When it comes to OLED HDTVs, I’m as big a cheerleader as you’ll find. What’s not to love? They have super-thin panels, the emissive technology looks better than a CRT, and it has none of the problems faced by plasma and LCD panels, such as image retention or motion blur. There’s just one small problem; OLEDs cost too much to make.
So it came as little surprise (but still a bucket of cold water) when friend and colleague Steve Sechrist reported in Insight Media’s Display Daily last week that a Samsung VP announced that the company would not be releasing any OLED TVs until the prices come down to a competitive level.
Which might mean “never“.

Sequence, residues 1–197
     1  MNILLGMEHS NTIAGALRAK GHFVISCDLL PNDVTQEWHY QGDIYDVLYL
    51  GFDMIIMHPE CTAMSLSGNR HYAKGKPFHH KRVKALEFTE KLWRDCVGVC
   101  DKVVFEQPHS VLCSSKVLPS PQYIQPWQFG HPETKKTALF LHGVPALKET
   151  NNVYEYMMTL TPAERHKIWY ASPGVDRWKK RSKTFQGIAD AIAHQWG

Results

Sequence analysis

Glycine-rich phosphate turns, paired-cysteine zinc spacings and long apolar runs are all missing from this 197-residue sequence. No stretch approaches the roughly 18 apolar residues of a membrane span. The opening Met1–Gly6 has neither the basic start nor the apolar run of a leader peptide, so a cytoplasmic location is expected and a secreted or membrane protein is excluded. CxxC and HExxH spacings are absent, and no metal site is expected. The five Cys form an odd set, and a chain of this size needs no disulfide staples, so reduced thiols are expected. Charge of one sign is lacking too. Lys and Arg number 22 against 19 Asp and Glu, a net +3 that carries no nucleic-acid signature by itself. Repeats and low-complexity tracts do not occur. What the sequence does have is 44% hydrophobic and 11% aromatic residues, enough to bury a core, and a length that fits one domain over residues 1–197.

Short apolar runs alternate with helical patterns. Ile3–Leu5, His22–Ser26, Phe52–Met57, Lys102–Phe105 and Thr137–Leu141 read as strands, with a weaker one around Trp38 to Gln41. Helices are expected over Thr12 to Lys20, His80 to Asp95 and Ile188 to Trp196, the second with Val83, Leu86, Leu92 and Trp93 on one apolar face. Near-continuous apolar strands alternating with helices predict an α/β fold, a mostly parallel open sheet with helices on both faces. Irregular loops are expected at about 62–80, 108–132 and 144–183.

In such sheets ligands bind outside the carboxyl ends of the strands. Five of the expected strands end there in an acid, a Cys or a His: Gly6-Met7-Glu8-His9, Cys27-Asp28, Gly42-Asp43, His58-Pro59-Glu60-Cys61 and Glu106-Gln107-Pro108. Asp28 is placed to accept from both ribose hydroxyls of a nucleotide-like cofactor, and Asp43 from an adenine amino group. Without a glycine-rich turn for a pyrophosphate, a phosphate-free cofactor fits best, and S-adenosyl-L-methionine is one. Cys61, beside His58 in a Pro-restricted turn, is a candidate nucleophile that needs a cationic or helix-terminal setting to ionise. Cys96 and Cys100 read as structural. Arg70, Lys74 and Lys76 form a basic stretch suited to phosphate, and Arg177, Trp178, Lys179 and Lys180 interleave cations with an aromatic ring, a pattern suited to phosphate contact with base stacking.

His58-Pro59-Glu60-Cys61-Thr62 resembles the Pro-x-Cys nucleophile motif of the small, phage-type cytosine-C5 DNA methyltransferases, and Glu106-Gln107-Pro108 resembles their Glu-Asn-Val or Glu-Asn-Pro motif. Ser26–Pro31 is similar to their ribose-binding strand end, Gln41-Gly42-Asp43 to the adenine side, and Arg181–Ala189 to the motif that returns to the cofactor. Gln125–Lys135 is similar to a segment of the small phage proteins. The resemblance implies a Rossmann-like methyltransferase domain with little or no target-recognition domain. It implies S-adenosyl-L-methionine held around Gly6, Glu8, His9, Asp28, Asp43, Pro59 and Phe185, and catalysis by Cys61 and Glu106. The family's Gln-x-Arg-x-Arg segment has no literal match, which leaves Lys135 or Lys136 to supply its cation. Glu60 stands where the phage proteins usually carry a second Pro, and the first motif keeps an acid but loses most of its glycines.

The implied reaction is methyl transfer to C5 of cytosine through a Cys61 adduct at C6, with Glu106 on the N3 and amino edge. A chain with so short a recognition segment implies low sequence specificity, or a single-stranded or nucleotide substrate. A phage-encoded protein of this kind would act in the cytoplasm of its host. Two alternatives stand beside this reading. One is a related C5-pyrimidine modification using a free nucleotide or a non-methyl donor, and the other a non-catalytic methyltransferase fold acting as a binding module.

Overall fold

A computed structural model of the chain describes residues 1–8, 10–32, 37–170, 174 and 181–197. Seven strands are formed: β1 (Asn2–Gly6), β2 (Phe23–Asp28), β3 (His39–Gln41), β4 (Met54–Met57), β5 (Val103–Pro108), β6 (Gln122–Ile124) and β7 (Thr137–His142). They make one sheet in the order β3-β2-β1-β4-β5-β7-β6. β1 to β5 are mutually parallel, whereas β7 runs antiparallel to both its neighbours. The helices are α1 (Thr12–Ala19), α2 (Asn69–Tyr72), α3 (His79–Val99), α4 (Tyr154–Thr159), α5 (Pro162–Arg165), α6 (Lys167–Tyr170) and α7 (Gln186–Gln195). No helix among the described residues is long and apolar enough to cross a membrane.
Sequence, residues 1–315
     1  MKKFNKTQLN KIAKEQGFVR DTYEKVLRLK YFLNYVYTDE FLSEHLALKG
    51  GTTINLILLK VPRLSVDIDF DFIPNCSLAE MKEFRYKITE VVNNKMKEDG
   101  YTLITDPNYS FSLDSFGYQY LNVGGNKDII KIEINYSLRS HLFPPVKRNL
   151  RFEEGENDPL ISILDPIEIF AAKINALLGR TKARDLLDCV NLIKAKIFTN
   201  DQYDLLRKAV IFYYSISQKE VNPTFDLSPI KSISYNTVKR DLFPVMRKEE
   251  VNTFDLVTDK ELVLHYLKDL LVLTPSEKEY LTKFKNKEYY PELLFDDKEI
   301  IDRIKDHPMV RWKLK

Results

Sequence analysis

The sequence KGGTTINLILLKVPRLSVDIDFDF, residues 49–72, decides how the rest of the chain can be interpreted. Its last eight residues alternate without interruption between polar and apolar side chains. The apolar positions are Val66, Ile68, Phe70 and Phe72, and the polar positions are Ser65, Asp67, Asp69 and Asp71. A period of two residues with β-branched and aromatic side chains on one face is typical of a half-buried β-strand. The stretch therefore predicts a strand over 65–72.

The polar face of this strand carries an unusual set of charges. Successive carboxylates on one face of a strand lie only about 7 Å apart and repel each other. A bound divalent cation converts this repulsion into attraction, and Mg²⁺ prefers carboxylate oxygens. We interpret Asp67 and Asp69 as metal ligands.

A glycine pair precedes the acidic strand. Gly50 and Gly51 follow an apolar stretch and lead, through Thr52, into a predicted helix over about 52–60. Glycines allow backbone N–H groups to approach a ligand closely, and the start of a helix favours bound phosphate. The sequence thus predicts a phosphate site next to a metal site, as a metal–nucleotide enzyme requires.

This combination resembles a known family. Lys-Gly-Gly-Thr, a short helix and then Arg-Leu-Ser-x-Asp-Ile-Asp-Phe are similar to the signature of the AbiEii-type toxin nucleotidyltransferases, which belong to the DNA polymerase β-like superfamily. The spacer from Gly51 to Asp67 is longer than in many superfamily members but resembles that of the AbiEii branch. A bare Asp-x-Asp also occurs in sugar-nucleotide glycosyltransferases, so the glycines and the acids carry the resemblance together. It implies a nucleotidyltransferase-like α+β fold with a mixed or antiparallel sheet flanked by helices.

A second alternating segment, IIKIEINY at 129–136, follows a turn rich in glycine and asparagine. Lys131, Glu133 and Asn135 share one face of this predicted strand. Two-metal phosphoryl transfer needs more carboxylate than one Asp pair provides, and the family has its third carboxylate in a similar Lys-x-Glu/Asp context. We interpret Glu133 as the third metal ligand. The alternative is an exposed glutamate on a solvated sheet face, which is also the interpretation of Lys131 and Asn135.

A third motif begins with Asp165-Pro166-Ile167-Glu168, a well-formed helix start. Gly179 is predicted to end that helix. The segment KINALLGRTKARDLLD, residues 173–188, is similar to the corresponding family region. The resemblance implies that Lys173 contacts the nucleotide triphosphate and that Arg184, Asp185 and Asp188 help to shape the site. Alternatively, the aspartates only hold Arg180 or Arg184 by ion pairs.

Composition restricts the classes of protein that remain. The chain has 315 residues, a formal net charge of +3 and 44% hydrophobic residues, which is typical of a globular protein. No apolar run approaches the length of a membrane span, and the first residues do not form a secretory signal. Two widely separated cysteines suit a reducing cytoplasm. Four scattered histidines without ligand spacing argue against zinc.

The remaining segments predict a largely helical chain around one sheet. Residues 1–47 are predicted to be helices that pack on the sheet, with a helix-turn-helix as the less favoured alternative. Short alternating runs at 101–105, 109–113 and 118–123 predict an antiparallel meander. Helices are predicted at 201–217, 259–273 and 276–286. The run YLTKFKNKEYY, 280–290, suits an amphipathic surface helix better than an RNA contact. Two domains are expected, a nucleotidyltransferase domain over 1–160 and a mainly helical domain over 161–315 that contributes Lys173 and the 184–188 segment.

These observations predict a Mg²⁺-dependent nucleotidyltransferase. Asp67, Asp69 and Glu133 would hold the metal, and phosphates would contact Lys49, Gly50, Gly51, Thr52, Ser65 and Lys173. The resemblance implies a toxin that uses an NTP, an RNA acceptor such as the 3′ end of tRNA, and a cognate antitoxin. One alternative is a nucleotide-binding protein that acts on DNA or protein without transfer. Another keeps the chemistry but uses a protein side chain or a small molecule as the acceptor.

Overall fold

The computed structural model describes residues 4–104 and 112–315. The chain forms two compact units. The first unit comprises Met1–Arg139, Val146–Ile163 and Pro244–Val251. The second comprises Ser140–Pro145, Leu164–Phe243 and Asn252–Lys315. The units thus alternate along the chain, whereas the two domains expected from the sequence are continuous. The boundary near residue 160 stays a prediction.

Look at the Sony XEL-1; the first commercial OLED TV is about 1/16th the size of a 42″ flat panel display, yet costs at least 2.5 times as much. And it’s not even HD. So even if they cut three-quarters of the price, it will still cost 10 times as much as an equivalent LCD or plasma. And keep in mind that prices for LCD and plasma are likely to continue to drop, so “competitive pricing” is going to continue to be a moving target.
At the moment, it doesn’t appear that anyone has the resources to get large OLED panels to parity with LCD or plasma any time soon. It is to Samsung’s credit that they have finally stopped promising us with delivery “next year”. For now, we’ll have to be content with small format OLED displays made for mobile devices like cell phones and personal media players, where they can compete more effectively with LCD panels.